It’s about a German named Udo who goes to Spain on vacation with his girlfriend, Ingeborg. He plays war games and writes articles about them. He’s planning on presenting a paper in Paris a few months later, so he brings The Third Reich with him on vacation and sets it up on a large table in his hotel room. His paper doesn’t get written. He’d stayed at the hotel with his parents about ten years ago, when he was fifteen. He had a crush on the owner, and he starts a relationship, of sorts, with her. He begins a game with a mysterious man who owns paddleboats for public rental, and it becomes serious because, as it turns out, El Quemado, as they call him, was involved in World War II and was horribly scarred, both physically and mentally. It’s a complex plot.
And it’s totally worth reading. It’s not as much of challenge as The Savage Detectives was, and I found myself in a hurry to finish it. It felt a little like Kafka‘s Amerika, which I hated with a special kind of hate reserved for the likes of Things Fall Apart and I can’t think of what else. Anyway. I just wanted Udo to smarten up and get the hell out of there before he got himself killed. He didn’t leave when I wanted him to (or when everyone in the book wanted him to), but he didn’t die, either. There was a weird kind of anti-climax at the end.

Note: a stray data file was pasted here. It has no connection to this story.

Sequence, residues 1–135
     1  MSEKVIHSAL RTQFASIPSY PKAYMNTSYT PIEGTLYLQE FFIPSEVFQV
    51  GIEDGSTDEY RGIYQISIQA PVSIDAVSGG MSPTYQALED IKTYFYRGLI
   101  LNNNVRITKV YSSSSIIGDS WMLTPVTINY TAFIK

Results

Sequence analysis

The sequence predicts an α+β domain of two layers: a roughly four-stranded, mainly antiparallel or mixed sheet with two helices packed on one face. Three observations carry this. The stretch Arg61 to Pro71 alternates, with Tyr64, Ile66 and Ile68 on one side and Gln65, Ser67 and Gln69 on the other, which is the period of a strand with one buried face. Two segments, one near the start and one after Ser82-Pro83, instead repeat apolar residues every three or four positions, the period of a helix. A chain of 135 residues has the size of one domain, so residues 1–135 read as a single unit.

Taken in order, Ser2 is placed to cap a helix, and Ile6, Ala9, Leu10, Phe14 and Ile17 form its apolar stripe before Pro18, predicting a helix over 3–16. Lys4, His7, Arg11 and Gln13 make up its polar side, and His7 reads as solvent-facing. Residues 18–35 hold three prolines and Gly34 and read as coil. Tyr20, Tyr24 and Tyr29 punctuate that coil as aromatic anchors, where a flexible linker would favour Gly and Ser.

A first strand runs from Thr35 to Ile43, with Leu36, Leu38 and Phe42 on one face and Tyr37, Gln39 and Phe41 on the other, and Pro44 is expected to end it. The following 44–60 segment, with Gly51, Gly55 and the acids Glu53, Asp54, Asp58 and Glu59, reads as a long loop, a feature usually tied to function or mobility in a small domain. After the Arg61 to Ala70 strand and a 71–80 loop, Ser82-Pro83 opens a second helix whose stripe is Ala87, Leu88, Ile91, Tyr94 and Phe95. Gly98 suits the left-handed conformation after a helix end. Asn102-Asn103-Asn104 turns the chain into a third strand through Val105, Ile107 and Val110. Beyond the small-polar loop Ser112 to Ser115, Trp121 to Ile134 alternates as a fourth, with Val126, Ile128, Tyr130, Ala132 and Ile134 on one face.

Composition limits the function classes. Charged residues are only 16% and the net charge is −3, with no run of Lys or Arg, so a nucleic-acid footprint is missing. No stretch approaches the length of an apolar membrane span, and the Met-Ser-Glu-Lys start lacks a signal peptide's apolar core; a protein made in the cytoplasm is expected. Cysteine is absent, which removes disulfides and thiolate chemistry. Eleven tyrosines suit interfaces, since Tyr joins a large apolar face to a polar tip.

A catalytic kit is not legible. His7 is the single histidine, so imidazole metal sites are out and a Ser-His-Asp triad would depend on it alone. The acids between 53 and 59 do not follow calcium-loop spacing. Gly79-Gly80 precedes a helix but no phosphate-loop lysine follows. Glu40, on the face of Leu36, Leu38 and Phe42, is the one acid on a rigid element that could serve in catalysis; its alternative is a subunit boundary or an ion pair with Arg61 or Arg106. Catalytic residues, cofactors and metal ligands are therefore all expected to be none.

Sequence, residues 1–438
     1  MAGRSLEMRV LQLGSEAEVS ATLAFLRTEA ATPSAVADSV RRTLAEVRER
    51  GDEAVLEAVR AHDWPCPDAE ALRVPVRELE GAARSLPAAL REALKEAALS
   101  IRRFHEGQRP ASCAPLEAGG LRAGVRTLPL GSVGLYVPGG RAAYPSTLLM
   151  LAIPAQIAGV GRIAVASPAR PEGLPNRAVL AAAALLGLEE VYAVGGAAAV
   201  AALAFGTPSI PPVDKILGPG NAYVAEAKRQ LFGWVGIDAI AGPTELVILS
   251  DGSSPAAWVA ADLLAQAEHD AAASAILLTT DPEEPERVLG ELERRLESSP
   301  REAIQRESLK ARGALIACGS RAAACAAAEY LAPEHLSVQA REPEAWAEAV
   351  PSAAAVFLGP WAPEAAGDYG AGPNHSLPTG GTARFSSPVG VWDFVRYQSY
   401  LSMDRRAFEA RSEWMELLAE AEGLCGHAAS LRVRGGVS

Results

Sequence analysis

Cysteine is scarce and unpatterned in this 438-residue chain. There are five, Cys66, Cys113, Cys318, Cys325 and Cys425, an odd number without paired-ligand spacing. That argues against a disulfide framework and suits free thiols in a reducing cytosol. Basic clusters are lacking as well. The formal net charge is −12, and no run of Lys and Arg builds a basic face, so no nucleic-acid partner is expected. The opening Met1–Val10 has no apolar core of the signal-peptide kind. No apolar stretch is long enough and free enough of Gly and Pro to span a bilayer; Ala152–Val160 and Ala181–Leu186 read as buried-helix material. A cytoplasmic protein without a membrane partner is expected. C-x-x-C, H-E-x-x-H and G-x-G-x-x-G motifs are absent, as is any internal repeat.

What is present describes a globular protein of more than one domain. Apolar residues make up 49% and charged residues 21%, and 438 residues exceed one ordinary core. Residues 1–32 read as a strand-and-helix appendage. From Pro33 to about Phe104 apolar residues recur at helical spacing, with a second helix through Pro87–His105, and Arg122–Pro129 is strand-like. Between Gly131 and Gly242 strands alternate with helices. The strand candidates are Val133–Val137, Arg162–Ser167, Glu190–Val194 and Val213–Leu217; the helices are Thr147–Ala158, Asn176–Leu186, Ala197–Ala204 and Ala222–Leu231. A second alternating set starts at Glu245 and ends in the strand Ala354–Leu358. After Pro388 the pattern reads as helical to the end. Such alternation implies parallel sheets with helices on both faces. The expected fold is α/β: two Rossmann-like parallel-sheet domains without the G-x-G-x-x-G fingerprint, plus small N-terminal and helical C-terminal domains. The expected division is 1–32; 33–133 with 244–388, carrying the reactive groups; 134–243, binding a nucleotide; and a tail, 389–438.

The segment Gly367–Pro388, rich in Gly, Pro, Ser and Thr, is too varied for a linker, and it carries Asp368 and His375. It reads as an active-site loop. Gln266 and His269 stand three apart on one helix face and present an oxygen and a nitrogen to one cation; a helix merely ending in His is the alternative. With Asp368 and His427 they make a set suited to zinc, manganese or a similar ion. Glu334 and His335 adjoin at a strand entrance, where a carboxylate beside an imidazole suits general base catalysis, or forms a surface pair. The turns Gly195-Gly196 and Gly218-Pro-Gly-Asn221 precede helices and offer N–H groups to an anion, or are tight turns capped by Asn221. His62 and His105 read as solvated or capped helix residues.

I’m certainly not saying that The Third Reich isn’t a really good book or that I didn’t like it – because I did. It was just an uncomfortable world to be in, and I wanted out. Which was probably what Bolaño was going for. Once I started this one, I broke down and bought a used copy of 2666 from Amazon, but I haven’t received it yet. I’m not sure I’m ready to tackle that one, anyway. I put The Savage Detectives up there with Rushdie on the difficulty scale – Bolaño in general, really. While I was happy to escape The Third Reich, it left me thinking. At first, I didn’t know whether I liked it or not, and I spent some time trying to figure out what actually happened to Udo, how he’d changed. I think I have it figured out, but the process hurt my head a little bit, which is a good thing.
So. Bolaño is good. The Third Reich is good. I can’t wait to read his other stuff, though I don’t think I can handle another one for a while.